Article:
While construction of new homes will continue in many parts of the US, state and local governments across the country are working to limit the spread of coronavirus on job sites by requiring:

  • social distancing between workers
  • limited numbers of subcontractors on a job site at any given time
  • periodic temperature checks of workers
  • frequent cleaning and sterilization of tools and equipment

For more information about the US home building industry, see The Freedonia Group’s coverage of the Construction and Building Products industries.

Expanding Range of Manufacturers Declared “Essential” Shows Importance of Construction Industry to Nation

April 2, 2020 - The US Department of Homeland Security issued revised guidelines as to which firms could be considered “essential” and thus could remain in operation during the COVID-19 pandemic. Among the firms specified by the DHS were those involved in the production of:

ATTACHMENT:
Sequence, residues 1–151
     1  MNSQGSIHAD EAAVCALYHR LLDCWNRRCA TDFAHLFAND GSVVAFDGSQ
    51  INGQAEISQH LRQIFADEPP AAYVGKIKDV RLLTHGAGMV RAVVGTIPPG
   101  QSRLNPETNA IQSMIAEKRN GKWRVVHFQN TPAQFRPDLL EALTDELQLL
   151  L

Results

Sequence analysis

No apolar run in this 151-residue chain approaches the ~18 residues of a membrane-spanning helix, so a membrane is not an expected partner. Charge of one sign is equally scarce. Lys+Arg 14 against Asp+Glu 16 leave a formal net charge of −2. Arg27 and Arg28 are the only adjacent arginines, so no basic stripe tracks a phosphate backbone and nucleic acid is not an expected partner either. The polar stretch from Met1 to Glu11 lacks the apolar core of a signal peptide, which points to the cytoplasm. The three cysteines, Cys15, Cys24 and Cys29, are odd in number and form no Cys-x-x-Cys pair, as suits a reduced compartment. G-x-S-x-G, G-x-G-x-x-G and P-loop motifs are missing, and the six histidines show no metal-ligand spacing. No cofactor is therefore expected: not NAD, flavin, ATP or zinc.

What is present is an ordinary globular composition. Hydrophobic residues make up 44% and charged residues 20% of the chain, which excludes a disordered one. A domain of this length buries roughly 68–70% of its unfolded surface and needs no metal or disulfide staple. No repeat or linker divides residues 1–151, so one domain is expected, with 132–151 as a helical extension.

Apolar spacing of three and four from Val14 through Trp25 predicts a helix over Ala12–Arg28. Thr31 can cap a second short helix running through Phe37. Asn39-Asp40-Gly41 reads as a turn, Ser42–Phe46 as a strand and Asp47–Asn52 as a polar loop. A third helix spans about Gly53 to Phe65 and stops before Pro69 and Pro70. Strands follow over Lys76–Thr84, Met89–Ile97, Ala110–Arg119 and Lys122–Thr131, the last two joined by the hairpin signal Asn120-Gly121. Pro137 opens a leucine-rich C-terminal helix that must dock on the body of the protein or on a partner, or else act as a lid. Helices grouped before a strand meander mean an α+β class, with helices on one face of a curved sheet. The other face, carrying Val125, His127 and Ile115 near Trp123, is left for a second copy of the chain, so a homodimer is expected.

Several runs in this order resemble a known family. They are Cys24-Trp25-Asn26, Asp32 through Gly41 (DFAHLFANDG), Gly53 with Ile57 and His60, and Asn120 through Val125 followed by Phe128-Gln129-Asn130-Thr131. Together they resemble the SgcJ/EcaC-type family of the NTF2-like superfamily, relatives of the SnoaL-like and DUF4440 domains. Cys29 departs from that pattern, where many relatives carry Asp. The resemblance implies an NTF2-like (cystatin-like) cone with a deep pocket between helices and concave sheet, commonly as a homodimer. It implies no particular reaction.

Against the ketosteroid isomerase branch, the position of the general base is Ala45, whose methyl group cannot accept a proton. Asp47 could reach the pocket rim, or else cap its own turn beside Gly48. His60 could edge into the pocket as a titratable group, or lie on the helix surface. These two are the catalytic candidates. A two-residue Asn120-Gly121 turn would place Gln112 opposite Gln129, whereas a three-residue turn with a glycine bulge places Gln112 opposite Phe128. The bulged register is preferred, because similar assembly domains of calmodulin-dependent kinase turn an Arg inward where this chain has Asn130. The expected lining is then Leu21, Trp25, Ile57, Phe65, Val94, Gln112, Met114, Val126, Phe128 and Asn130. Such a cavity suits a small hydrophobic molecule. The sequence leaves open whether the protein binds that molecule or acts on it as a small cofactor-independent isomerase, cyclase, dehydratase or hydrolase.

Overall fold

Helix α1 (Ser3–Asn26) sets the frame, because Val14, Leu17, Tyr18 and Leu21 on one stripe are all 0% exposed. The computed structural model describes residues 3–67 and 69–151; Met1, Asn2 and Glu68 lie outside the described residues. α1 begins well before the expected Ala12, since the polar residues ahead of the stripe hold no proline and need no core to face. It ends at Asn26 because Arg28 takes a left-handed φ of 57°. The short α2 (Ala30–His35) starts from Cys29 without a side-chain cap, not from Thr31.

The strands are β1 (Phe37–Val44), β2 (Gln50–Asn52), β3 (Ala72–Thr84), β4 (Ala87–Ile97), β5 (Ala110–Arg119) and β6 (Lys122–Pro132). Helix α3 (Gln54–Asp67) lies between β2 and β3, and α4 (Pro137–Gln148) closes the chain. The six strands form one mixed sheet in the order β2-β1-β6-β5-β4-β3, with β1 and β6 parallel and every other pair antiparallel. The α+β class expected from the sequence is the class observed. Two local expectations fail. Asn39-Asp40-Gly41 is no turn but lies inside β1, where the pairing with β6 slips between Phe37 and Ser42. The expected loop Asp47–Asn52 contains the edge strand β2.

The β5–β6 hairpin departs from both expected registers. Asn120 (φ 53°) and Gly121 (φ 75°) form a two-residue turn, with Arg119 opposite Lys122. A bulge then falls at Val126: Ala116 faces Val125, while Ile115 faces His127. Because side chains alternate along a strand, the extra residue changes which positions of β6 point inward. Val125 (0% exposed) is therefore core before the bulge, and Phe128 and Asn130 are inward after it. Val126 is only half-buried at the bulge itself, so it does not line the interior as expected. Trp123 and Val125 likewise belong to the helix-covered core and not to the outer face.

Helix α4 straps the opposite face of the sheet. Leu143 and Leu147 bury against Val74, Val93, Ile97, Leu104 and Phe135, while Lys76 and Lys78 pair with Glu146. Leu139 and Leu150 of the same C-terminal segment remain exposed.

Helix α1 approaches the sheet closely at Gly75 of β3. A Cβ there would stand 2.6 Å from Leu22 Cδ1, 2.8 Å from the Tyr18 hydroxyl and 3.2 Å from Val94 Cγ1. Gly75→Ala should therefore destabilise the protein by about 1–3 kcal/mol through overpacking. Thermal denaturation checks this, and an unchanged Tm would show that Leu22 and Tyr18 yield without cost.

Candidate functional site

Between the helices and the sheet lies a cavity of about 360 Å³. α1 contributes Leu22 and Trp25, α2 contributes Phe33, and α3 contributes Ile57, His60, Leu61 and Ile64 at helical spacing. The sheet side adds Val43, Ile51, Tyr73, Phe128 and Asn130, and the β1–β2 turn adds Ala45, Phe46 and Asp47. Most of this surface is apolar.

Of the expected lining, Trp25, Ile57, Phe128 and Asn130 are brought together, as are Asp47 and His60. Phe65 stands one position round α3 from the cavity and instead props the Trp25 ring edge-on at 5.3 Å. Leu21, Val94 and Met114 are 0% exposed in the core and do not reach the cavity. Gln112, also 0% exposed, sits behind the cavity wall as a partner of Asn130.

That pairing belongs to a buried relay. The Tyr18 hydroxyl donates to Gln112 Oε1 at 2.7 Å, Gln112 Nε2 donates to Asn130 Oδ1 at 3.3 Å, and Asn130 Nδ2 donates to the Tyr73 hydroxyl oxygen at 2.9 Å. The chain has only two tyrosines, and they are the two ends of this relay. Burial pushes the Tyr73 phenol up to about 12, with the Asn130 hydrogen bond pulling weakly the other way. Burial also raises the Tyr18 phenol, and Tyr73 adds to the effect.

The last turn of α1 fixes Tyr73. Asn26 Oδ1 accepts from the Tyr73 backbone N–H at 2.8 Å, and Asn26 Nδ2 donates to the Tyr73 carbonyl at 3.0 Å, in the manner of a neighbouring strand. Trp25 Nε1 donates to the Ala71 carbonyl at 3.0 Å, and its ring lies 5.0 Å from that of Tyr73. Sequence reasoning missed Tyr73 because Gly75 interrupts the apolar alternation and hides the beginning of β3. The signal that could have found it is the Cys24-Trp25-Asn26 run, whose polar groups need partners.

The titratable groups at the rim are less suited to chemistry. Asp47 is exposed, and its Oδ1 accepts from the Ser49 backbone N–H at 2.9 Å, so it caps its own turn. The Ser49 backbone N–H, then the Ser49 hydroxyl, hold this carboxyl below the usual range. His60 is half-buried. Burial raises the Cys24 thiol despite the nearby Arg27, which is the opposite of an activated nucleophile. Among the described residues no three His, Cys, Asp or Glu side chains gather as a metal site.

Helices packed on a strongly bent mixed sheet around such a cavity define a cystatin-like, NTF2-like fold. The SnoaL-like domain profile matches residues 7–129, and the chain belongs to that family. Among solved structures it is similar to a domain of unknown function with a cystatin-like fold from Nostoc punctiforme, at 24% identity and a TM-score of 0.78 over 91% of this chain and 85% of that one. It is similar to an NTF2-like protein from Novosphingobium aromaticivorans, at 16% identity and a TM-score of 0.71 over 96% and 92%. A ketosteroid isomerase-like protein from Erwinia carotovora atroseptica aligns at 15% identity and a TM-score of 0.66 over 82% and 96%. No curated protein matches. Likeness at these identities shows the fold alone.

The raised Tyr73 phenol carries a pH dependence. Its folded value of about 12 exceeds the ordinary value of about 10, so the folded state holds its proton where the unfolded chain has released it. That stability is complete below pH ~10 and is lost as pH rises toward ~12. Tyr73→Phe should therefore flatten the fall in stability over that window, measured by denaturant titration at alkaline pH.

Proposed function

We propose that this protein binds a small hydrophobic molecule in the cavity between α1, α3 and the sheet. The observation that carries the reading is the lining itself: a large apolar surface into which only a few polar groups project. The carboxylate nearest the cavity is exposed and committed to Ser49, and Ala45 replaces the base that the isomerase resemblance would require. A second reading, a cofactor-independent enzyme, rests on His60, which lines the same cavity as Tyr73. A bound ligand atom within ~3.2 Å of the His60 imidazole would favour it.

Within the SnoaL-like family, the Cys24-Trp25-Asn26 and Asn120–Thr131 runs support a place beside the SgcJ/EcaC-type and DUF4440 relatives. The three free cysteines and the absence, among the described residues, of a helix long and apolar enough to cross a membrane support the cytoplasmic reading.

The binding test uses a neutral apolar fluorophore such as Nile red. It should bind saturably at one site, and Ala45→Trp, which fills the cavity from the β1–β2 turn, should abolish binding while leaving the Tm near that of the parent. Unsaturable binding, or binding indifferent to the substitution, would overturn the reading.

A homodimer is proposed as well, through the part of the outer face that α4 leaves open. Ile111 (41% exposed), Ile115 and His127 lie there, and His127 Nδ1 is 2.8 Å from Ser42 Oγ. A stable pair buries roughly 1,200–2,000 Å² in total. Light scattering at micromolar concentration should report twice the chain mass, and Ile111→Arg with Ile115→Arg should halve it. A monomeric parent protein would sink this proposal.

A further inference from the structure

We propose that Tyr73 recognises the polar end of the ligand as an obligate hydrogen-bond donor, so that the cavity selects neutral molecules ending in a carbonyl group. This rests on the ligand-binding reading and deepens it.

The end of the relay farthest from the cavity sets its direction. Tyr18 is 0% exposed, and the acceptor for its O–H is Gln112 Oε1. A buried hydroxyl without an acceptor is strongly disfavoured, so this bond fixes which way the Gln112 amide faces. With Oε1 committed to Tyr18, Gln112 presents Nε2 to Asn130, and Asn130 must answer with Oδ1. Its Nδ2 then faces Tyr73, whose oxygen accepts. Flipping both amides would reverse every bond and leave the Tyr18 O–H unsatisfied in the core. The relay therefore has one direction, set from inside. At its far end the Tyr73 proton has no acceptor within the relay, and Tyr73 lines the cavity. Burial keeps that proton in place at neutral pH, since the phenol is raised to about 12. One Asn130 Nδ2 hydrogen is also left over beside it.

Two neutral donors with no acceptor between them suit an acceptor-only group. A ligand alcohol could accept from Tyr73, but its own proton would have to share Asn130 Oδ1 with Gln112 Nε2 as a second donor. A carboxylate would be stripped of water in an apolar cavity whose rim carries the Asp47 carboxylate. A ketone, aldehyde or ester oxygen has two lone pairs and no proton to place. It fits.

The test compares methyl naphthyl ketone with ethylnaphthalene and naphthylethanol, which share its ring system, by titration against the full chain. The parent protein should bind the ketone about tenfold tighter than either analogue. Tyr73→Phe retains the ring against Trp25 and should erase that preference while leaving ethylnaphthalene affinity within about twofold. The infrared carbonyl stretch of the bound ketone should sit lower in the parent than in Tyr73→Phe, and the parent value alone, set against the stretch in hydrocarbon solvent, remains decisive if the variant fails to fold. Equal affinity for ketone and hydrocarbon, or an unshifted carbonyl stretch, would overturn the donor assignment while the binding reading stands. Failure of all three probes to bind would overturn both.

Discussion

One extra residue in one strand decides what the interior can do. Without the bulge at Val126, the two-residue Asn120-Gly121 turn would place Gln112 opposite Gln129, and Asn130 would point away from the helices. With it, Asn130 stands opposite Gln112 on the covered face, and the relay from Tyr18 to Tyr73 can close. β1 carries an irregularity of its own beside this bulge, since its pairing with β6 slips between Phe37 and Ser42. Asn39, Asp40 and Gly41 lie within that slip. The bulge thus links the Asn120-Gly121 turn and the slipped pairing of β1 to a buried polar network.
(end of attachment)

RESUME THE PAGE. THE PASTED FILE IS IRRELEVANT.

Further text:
• cabinets
  • windows and doors
  • plumbing products
  • heating, ventilation, and air conditioning (HVAC) equipment
  • paints and coatings
  • store fixtures
  • appliances

This revised guidance as to what is considered to be essential demonstrates the continuing importance of the nation’s construction industry, even in times of crisis. The US faces a shortage of affordable housing units and – in many areas – will require additional medical facilities to treat those affected by COVID-19 and other ailments.